Reducing Your Carbon Footprint.
In today’s world, it is generally not possible to completely eliminate all greenhouse gas emissions from your activities and operations. You can mitigate your emissions as much as you can through environmentally conscious choices like energy efficiency measures, but you almost certainly won’t be able to eliminate them all.
However, reducing your carbon footprint is possible, and even go carbon neutral! All thanks to carbon offsets and credits.
What is a carbon offset?
A carbon offset is a reduction in emissions made to compensate for emissions produced elsewhere. For example, in one part of your operation, you can produce more renewable energy than you consume to make up for carbon emissions related to another part of your operation.
This is something that even oil companies are getting in on. Occidental Petroleum, one of the United States’ largest oil drillers and the fifth-largest U.S. oil company by market valuation, is making carbon offset plans. Occidental plans to capture the carbon emissions produced by their operations and inject that carbon dioxide into the ground as part of a process called enhanced oil recovery. This will prevent that carbon dioxide from entering the atmosphere.
When we built the HGA House, we earned offset credits for the greenhouse gas emissions we mitigated through landfill avoidance. When any kind of biomaterial—food scraps, animal waste, wood products, etc.—is put into a landfill, it decomposes and creates methane, which is even more potent than carbon dioxide in causing climate change. Therefore, the EPA created an incentive to keep biomass out of landfills: the Waste Reduction Model, or WARM. This protocol tracks and reports greenhouse gas emissions from solid waste—and maintains an online calculation of carbon offsets for landfill avoidance. If you reduce the amount of waste you send to landfills, you get a carbon credit from the EPA. By recycling our wood waste, we were able to earn carbon offsets.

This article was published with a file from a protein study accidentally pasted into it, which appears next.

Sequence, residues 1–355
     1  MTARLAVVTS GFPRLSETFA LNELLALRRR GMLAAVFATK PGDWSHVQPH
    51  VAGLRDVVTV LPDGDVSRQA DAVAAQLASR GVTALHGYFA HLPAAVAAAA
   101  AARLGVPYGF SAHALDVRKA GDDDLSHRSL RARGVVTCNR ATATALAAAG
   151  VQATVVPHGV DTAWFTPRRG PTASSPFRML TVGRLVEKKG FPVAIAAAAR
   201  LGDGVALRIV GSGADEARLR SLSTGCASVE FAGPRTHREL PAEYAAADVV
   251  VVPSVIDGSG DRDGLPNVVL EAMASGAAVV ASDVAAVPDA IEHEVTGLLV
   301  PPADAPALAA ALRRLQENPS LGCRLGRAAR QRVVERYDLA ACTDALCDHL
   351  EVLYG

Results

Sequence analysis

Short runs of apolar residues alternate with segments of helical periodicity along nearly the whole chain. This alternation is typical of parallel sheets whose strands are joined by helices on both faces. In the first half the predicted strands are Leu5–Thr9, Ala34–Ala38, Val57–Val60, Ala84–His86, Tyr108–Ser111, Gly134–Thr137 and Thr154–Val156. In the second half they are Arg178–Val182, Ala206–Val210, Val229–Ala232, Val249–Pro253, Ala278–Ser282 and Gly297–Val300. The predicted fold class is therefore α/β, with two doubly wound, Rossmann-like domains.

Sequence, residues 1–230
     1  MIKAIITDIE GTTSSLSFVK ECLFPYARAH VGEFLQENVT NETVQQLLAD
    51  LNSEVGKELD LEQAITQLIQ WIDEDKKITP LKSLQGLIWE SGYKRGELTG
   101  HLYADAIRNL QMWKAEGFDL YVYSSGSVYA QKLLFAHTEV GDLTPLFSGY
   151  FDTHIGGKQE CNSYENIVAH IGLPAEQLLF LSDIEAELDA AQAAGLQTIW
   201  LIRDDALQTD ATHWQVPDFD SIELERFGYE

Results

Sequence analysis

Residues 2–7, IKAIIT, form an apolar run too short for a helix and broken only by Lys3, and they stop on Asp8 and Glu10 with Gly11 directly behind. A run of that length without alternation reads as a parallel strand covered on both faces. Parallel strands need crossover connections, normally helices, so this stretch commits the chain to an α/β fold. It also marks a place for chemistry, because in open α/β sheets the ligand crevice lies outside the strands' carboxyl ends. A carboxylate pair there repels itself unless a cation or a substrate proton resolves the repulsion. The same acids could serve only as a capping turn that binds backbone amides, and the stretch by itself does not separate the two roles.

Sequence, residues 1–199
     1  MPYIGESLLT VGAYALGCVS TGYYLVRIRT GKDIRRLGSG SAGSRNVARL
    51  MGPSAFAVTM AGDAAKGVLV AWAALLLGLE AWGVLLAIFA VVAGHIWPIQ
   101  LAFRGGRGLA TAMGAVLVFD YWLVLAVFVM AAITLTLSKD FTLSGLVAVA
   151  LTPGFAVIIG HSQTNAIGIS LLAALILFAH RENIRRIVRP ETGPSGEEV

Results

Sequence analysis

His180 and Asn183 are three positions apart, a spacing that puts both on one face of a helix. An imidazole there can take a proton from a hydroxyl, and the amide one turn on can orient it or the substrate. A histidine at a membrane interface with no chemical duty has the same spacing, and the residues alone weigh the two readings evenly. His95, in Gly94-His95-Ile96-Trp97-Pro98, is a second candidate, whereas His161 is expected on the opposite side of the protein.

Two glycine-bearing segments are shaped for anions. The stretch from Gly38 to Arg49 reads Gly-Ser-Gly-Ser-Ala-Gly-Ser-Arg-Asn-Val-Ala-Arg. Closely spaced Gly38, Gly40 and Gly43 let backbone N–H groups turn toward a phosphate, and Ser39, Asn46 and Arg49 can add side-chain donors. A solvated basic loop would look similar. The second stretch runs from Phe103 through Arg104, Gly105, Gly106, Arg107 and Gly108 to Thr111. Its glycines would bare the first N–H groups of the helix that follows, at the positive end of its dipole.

What are carbon offset credits?
Moreover, you can also purchase carbon offset credits. There are many projects out there that actively take greenhouse gasses out of the atmosphere. A number of programs certify these projects and generate carbon offset credits based on how much greenhouse gas the projects remove. A buyer can then purchase credits equal to the amount of greenhouse gas emissions their operation produces. The purchasing of these credits, therefore, funds the continuation of the projects themselves.
For the HGA house, the HGA purchased carbon offset credits for whatever emissions we could not mitigate or offset ourselves. The offset we purchased was to help a family farm in Georgia that collected manure from cattle and turned that biomaterial into biogas via a process called anaerobic digestion. Biogas is very similar to the fuel we call natural gas—but instead of coming from fossil fuels, it comes from recycled biomaterial. Therefore, it is renewable. Anything you can run on natural gas, you can run on biogas. This farm uses the biogas they create to run a generator, which produces the electricity used to power the farm. Whatever excess electricity they produce, they put on the electrical grid.
With carbon offsets and credits, it is possible to reduce your carbon footprint—or even eliminate it!—even if you cannot completely eliminate all greenhouse gas emissions from your activities and operations.
What if it was possible to harness the market forces of competitive advantage to reduce greenhouse gasses? The solution already exists. Check out my book, Decarbonize the World to learn more!
 Matt Egan, “One of America’s Biggest Oil Companies Wants to Be ‘Carbon Neutral’—Eventually,” CNN Business, March 20, 2019, https://www.cnn.com/2019/03/20/investing/occidental-carbon-neutral-oil-shale/index.html.